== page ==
The Padres and free-agent righty Michael Wacha are in agreement on a contract, reports Ken Rosenthal of The Athletic (Twitter link). Rosenthal reports that Wacha’s deal with the Padres could earn him more than $24MM over four years, with a complex structure including both team and player options. Rosenthal notes the structure of the deal lowers the AAV for luxury tax purposes. The CAA client’s deal is still pending the completion of a physical.
Wacha, 31, was the best remaining starting pitcher on the market and arguably the best free agent left standing overall. The right-hander turned in 127 1/3 innings of 3.32 ERA ball in 2022 — a fine rebound showing after a tough three-year stretch from 2019-21. Wacha’s 6% walk rate in 2022 was particularly sharp, and he scaled back his home run rate quite a bit in 2022 (1.83 HR/9 from 2019-21; 1.27 HR/9 in 2022). He was better than average at limiting hard contact from his opponents, surrendering an 88.2 mph average exit velocity and 35.4% hard-hit rate.
The 2022 performance, however, wasn’t without its red flags. A pair of trips to the injured list, one for an intercostal strain and another for shoulder inflammation, limited him to 23 starts. That shoulder issue was his fourth IL placement due to shoulder trouble since 2014. Wacha’s 20.2% strikeout rate and 41% ground-ball rate were below the league average, albeit by a matter of a couple percentage points each.
Ultimately, Wacha had a solid season but can’t reasonably be expected to replicate that shiny 3.32 ERA. Beyond the some of last year’s under-the-hood numbers, it should be pointed out that from 2019-21, Wacha pitched 285 1/3 innings with a 5.11 ERA between the Cardinals, Mets and Rays. Wacha’s strikeout, walk and ground-ball rates in that stretch all compare favorably to his 2022 work, however, and the main culprit for his struggles in that stretch could well have been an anomalously high home-run rate that trended back toward his career levels in 2022.
In all likelihood, Wacha’s true talent level lies somewhere between the extremes of that 2019-21 stretch and his sharp 2022 output. Fielding-independent marks pegged him around 4.00 last year (4.14 FIP, 3.99 xFIP, 4.07 SIERA). That’d make him a solid option closer to the back end of a big league rotation, which is just where he’s likely to slot in with his new club in San Diego. Joe Musgrove, Yu Darvish and Blake Snell are slotted into the top three rotation spots, but Wacha will give the Friars a solid No. 4 option.
Both Nick Martinez and Seth Lugo have been expected to be utilized as starters with the Padres in 2023, but it’s not a given that Wacha will push either to the bullpen. There’s been talk of a six-man rotation in San Diego, which is only sensible given that Martinez and Lugo both worked primarily out of the bullpen in 2022. Martinez made 10 starts for the Padres but 37 relief appearances, finishing out the season at 106 1/3 innings. Lugo has been exclusively a reliever in 2021-22, with his last start coming for the 2020 Mets. Both righties will likely see their workloads monitored in 2023, so bringing Wacha into the mix both gives the Padres some sorely needed depth and gives them an organic mechanism with which to manage the innings counts for Martinez and Lugo.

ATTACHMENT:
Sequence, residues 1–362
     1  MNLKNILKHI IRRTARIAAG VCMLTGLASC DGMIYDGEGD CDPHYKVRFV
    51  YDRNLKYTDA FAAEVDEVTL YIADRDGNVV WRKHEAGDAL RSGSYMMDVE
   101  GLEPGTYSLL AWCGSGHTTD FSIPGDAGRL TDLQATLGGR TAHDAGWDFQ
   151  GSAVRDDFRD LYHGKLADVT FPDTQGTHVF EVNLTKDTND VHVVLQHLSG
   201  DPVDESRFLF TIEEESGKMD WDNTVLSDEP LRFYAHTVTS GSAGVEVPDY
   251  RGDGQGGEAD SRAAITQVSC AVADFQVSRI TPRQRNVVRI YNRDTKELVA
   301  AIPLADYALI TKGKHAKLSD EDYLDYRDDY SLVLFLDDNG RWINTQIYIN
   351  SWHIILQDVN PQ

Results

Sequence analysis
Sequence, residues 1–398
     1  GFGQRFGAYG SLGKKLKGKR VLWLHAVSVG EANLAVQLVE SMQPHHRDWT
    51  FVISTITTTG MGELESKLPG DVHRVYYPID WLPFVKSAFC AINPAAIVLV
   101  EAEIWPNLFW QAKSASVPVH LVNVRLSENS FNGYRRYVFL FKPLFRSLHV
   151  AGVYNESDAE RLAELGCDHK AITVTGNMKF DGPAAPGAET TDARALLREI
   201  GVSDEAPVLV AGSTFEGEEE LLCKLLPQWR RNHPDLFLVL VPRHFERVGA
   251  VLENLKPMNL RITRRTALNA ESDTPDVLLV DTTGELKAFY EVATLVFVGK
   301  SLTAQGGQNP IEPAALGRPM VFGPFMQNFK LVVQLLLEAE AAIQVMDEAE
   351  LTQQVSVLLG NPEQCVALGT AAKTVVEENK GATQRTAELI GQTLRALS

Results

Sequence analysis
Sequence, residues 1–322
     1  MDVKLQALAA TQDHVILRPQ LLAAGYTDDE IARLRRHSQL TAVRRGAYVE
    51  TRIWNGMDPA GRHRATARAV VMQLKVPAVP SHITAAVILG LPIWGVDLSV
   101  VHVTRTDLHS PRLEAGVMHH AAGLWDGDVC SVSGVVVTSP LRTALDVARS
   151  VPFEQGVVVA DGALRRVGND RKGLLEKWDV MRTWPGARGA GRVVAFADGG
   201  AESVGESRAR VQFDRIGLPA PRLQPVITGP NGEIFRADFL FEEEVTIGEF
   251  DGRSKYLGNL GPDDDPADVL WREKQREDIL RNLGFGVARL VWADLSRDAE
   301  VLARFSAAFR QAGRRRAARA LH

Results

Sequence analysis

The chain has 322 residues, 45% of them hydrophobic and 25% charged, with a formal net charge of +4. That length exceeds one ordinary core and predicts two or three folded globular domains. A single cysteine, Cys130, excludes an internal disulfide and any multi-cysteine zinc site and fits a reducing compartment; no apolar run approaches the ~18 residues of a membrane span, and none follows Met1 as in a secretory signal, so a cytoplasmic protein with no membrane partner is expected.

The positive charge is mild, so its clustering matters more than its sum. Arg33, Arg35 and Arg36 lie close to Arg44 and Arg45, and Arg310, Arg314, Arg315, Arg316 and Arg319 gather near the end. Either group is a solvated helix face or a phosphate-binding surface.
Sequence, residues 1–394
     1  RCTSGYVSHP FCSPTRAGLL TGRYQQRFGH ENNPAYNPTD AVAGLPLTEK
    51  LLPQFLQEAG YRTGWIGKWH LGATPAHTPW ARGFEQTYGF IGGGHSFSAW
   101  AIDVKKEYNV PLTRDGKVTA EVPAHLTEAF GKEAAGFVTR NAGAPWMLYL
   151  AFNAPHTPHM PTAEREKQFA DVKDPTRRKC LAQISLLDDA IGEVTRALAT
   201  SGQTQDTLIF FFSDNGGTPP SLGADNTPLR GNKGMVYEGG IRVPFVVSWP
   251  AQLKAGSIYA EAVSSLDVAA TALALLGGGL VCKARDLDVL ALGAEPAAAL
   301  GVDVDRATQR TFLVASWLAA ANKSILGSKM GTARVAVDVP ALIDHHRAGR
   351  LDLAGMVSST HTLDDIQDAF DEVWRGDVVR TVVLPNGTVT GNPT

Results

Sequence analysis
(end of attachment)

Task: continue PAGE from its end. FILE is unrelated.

Even looking beyond the possible six-man rotation, the Padres are now simply better positioned to withstand an injury to one of their top five arms. That’s of particular importance, as recent trades have thinned out the system’s depth. Gone are MacKenzie Gore, Chris Paddack, Luis Patino, Cal Quantrill and Robert Gasser, who were traded in the respective packages that netted Juan Soto, Taylor Rogers, Snell, Mike Clevinger (who departed as a free agent) and Josh Hader.
The top depth options behind Martinez and Lugo on the 40-man roster had been Adrian Morejon (57 1/3 innings in 2022), Ryan Weathers (6.73 ERA in Triple-A), Reiss Knehr (6.88 ERA in Triple-A), Pedro Avila (13 1/3 MLB innings) and Jay Groome (zero MLB experience; 67 innings Triple-A). Non-roster veterans in camp include Julio Teheran, Wilmer Font and Aaron Brooks. Suffice it to say, any serious injury to the starting staff pre-Wacha would’ve stretched the depth; two might have been disastrous. Wacha helps to lessen such risks.
While specific financial terms of the deal aren’t yet clear, the signing of Wacha could come with notable repercussions with regard to the luxury tax. San Diego is currently less than $7MM away from the third tier of luxury penalization, which kicks in at $273MM. If the Friars exceed that point, they’ll begin to be taxed at a 75% rate for any money spent up to $293MM (rather than the 45% rate at which they were taxed on the previous $20MM spent). That’s a small slap on the wrist by itself, but stepping into the third bracket of luxury penalties also pushes a team’s top pick in the next year’s draft (i.e. 2024) back by ten places. The team’s league-allotted bonus pool is also inherently reduced, in conjunction with the diminished slot value of that pick.
The Padres are a team in all-out win-now mode, so perhaps owner Peter Seidler and president of baseball operations A.J. Preller simply determined that crossing that mark was a necessary evil in order to field the best team possible for the upcoming season. If that’s the case, further additions to the roster could yet be forthcoming. Alternatively, it’s always possible with the ever-active Preller that some type of trade will be orchestrated in order to slightly lower payroll and drop the team back under that $273MM luxury mark.